The skin is the largest organ of the body. The skin serves our body in two major life-preserving functions: protection against infection and prevention of loss of body fluids. In a burn patient, these functions are diminished or eliminated. The skin also functions as a temperature control and regulates the loss of heat from the body.
In third-degree burns (full thickness), all of the skin layers are destroyed. Regeneration of the skin is not possible and these wounds must be covered because the body has lost the ability for new skin to grow in these areas. Most partial thickness burn wounds (first- and second-degree burns) will heal on their own.
The skin is composed of the following layers, with each layer performing specific functions.
The epidermis is the thin outer layer of the skin which consists of the following three parts:
- Stratum Corneum (horny layer) - This layer of fully mature keratinocytes which contain fibrous proteins (keratins). The outermost layer is continuously shed. The stratum corneum prevents the entry of most foreign substances as well as the loss of fluid from the body.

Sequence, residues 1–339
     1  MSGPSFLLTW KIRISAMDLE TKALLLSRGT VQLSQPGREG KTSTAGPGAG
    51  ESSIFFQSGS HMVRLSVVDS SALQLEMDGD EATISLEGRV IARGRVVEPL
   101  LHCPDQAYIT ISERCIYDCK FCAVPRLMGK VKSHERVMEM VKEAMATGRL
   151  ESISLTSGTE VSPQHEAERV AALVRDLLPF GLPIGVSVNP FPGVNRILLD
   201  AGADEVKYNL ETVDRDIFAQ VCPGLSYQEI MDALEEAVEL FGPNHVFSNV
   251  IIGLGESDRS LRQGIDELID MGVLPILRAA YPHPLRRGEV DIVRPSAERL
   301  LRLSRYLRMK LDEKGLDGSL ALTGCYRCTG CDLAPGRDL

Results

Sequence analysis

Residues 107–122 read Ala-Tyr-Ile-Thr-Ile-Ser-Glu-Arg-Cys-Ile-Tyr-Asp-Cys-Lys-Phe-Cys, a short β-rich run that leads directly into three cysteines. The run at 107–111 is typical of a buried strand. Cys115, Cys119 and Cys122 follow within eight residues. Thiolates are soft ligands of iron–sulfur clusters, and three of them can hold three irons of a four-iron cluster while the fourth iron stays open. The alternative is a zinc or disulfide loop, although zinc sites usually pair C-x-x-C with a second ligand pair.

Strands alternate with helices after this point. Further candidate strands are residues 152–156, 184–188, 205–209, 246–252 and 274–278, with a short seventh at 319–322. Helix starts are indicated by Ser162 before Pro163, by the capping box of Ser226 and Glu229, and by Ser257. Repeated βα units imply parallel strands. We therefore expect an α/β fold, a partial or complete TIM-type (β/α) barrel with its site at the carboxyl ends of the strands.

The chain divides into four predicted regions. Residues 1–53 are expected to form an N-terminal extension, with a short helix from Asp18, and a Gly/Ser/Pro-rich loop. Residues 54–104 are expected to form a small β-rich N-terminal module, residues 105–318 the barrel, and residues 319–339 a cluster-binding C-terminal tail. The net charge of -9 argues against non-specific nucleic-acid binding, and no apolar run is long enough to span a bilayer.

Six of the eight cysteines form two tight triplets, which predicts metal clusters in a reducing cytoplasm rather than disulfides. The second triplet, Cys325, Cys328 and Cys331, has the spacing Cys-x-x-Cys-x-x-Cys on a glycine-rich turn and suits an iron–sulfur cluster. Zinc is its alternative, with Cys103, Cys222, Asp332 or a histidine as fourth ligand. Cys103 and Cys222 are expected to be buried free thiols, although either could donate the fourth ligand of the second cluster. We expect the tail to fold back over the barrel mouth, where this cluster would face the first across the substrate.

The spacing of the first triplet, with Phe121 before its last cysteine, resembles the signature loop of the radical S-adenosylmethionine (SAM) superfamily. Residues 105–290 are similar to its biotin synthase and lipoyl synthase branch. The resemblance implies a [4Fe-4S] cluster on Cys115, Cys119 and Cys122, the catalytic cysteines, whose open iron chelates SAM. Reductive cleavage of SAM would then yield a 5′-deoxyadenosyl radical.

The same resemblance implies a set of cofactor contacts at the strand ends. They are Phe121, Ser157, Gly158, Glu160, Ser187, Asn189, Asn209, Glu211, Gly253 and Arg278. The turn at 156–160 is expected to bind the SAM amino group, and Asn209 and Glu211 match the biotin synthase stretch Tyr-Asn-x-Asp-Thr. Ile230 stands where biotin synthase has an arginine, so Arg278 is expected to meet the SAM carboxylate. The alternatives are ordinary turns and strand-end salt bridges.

- Keratinocytes (squamous cells) - This layer, just beneath the stratum corneum, contains living keratinocytes, which mature and form the stratum corneum.
- Basal Layer - The basal layer is the deepest layer of the epidermis, containing basal cells. Basal cells continually divide, forming new keratinocytes, replacing the old ones that are shed from the skin's surface.
The epidermis also contains melanocytes, which are cells that produce melanin (skin pigment).
The dermis is the middle layer of the skin. The dermis contains the following:
- blood vessels
- lymph vessels
- hair follicles
- sweat glands
- collagen bundles
The dermis is held together by a protein called collagen, made by fibroblasts. This layer also contains pain and touch receptors.
The subcutis is the deepest layer of skin. The subcutis, consisting of a network of collagen and fat cells, helps conserve the body's heat and protects the body from injury by acting as a "shock absorber."
In addition to serving as a protective shield against heat, light, injury, and infection, the skin also:
- regulates body temperature.
- stores water and fat.
- is a sensory organ.
- prevents water loss.
- prevents entry of bacteria.